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How can I seal this space w/ moisture in mind?

G S | Posted in General Questions on

Hi All,

I am working on renovating our second floor which includes putting in a master bathroom and gutting and redoing an existing 2nd floor bath. It is a 1952 cape with brick siding on concrete block. The masonry walls are completely uninsulated in most cases. I have taken advice from the GBA site while researching various issues associated with this project and figured this would be a good place to ask about this.

My question arose when looking into an electrically heated floor for both the bathrooms (probably Ditra Heat). These bathrooms are adjacent to each other along the same rear exterior wall of the house, and their floor joists are built directly into the very top of the masonry wall before a wooden dormer starts (which is the exterior facing wall of both rooms). The joists are 2×8’s.

Conventional wisdom is to insulate the floor joists directly under the heat source which I intend to do (I have some older kraft faced R30 that I wanted to repurpose for this). However since the sill of these floor joist cavities are exposed to masonry, it got me thinking whether or not to insulate all the way to the exterior wall as long as most of the floor was exposed (though not all… I’m not tearing up all the subfloor just for this). This in turn got me concerned with creating new condensation problems in general.

I have attached some pics to better illustrate, and these are a bit older. Right now there is Roxul R15 in the 2×4 exterior walls covered with Certainteed Membrain (there is foil-faced styrofoam under the siding so I wanted the walls to breathe, plus I like Roxul better). I have also foamed the obvious gaps and cracks in the masonry to try to air seal as best as possible.

My question is pretty simple. As long as I’m in there, is it worth insulating up this small area of masonry, and if so, what’s the best way which will cause the least problems? I have plenty of Roxul, Membrain, fiberglass, and even some foil-faced polyiso lying around at the ready, so hopefully I’ll be spoiled for choice. Thanks in advance for any advice!

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Replies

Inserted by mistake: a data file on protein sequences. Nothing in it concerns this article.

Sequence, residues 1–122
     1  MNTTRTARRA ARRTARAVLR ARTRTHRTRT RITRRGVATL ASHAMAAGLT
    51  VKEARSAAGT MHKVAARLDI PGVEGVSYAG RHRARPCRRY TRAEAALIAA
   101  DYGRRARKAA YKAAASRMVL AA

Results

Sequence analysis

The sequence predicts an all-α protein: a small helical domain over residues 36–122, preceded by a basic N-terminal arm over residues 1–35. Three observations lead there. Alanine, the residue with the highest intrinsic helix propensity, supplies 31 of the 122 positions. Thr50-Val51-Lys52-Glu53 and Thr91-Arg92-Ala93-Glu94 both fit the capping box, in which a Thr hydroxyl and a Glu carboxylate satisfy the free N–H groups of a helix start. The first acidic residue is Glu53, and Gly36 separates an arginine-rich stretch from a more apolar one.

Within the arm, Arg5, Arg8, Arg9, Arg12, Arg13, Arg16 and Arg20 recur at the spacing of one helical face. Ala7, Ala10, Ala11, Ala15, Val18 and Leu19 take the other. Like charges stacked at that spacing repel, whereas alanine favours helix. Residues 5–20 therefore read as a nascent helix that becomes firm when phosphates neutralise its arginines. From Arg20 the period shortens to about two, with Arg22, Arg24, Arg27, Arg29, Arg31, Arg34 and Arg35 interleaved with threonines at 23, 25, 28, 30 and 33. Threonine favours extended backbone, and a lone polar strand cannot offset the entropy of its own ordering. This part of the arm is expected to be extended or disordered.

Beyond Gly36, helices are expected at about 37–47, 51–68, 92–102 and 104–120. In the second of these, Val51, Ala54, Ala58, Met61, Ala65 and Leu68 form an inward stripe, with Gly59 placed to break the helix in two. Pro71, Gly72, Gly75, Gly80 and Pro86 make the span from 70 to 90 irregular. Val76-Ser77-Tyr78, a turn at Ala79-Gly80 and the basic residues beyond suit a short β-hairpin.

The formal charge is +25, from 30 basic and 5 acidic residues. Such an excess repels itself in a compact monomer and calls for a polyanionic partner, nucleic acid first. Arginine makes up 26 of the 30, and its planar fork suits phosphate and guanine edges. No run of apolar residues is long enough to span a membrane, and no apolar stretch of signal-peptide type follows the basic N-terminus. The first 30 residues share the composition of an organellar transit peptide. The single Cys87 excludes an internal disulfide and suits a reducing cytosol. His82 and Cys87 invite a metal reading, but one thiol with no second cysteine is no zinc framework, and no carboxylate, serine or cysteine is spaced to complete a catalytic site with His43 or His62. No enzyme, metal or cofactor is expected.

1. GBA Editor
    Martin Holladay | | #1

    G.S.,
    Insulating the walls or rim-joist area of a building with solid masonry walls can cause problems, especially if the ends of the joists are embedded in the masonry. Insulation will make the masonry colder, and therefore wetter. In some cases the joist ends can rot.

    Evaluating the risk is tricky, but here's one safe rule of thumb: the colder the climate, the greater the risk. For more information, see Insulating Old Brick Buildings.

  2. G S | | #2

    Thanks Martin... that's exactly why I wanted to ask!

    Forgot to mention the house in is Southern Connecticut so we do get a fair bit of cold weather. It has has been standing for 60+ years with no particular issues (freeze/thaw of brick/block). The joist ends seem fine as well so maybe it's better not to mess with something that's working and introduce considerable risk for minor reward.

    I am hoping that my foam sealing (mostly the gaps between the block and floor, and in some cases inside the block shouldn't cause too much problem. The faces of the block are still exposed within the joists, I just wanted to kind of isolate the tops of those blocks from the floor before I put it down. Ideally air can still get through from the joist space to the outside. I imagine once I am done insulating under the floors for the heated floor there will still be about two feet of empty space in front of those blocks.

    So if I don't fully insulate here, is there anything else i might be able to do between the air space and the floor to better air seal? As I said the Membrain hangs several inches to more than a foot (depending on the room as ceiling height varies) longer than the actual wall. Is there any harm to drape it over the joists at a 90 to the walls rather than trimming it, and laying the subfloor over it?

    Thx again!

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